Results for 'Psychology, Military'

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  1.  3
    Situations and Dispositions: How to Rescue the Military Virtues From Social Psychology.Peter Olsthoorn - 2017 - Journal of Military Ethics 16 (1-2):78-93.
    In recent years, it has been argued more than once that situations determine our conduct to a much greater extent than our character does. This argument rests on the findings of social psychologists such as Stanley Milgram, who have popularized the idea that we can all be brought to harm innocent others. An increasing number of philosophers and ethicists make use of such findings, and some of them have argued that this so-called situationist challenge fatally undermines virtue ethics. As virtue (...)
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  2.  3
    Ethics Research: Moral Psychology and its Promise of Benefits for Moral Reasoning in the Military.Don Parker & Peter Greener - 2008 - In C. A. J. Coady & Igor Primoratz (eds.), Military Ethics. Ashgate Pub. Co.. pp. 25.
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  3. Book Review: Edgar Jones and Simon Wessely, Shell Shock to PTSD: Military Psychiatry From 1900 to the Gulf War. London: Psychology Press, 2005. [REVIEW]Hans Pols - 2008 - History of the Human Sciences 21 (2):124-128.
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  4.  43
    Military Psychology.Rudolf Allers - 1944 - Thought: A Journal of Philosophy 19 (2):366-366.
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  5.  30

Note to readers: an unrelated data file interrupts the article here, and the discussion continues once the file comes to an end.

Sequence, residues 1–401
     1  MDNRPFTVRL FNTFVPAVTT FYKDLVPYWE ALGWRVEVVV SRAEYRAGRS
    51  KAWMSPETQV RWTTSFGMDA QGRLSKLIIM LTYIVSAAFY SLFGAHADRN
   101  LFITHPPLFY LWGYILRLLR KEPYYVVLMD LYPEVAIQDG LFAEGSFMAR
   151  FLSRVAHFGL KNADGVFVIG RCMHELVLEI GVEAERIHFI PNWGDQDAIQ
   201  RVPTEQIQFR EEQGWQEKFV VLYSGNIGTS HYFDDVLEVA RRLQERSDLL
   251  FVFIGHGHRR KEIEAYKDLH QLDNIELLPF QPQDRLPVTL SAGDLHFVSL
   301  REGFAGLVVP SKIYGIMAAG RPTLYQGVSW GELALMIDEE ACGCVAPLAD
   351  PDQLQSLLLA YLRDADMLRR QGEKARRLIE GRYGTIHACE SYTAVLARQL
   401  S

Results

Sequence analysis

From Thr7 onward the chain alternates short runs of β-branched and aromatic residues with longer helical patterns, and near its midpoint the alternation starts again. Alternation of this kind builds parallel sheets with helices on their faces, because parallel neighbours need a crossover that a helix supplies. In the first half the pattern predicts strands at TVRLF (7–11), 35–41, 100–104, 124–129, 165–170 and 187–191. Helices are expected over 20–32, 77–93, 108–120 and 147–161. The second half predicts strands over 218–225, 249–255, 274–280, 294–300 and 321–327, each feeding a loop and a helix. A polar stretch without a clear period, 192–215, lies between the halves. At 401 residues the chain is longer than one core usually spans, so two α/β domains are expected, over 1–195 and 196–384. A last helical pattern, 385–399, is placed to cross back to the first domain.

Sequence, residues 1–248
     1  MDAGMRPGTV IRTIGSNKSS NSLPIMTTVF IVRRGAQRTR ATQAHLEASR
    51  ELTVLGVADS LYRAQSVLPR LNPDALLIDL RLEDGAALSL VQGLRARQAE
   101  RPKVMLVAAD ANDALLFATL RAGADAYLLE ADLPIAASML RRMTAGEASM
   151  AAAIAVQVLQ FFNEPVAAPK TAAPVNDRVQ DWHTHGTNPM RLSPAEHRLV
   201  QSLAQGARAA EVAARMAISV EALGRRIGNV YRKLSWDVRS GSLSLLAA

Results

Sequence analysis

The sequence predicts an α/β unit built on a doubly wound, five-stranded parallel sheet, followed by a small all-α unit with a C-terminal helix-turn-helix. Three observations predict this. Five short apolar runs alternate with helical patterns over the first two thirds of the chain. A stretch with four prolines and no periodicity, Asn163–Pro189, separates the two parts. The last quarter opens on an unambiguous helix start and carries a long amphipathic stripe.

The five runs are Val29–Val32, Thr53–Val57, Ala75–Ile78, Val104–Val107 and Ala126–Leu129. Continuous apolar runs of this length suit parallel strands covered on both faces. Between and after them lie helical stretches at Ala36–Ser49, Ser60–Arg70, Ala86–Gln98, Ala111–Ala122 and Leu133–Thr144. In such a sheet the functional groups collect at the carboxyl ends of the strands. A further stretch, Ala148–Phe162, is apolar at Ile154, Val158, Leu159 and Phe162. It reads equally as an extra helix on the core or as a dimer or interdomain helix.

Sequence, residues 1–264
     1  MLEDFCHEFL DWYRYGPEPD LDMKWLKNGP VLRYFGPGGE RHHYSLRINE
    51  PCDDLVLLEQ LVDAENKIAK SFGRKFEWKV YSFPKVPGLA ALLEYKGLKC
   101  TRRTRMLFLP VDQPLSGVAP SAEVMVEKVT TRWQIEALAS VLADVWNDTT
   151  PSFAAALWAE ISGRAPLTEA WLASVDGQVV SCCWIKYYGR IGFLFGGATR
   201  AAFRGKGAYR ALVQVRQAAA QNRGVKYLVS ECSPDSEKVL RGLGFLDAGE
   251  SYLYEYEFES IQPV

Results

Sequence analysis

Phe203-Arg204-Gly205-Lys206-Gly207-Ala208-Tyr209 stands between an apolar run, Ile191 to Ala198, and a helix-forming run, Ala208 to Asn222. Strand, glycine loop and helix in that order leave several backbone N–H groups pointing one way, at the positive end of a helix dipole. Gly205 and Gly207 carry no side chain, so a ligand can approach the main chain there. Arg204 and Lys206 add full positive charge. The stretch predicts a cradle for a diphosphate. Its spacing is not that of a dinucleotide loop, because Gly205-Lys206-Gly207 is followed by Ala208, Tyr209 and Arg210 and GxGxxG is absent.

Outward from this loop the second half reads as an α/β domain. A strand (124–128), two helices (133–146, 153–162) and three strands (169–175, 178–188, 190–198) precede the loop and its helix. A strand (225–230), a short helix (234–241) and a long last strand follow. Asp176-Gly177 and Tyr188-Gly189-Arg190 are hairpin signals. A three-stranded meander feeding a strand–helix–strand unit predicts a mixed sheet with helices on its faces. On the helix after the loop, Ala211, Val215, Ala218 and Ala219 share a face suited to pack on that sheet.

Stoic Warriors and Stoic Torturers: The Moral Psychology of Military Torture.Jessica Wolfendale - 2006 - South African Journal of Philosophy 25 (1):62-76.
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  6.  2
    Military Psychology and Moral Dilemmas: The Military Response.Jeffrey L. House - 1980 - Hastings Center Report 10 (4):25-26.
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  7.  1
    Psychological Testing in Military Clinical Psychology: II. Personality Testing.W. A. Hunt & I. Stevenson - 1946 - Psychological Review 53 (2):107-115.
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  8. Psychological Testing in Military Clinical Psychology: I. Intelligence Testing.W. A. Hunt & I. Stevenson - 1946 - Psychological Review 53 (1):25-35.
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  9. Military Psychology: United States.G. P. Krueger - 2001 - In N. J. Smelser & B. Baltes (eds.), International Encyclopedia of the Social and Behavioral Sciences. pp. 9868--9873.
     
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  10. The Moral Dilemma of Military Psychology.Perry London - 1979 - Hastings Center Report 9 (6):42-44.
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  11.  25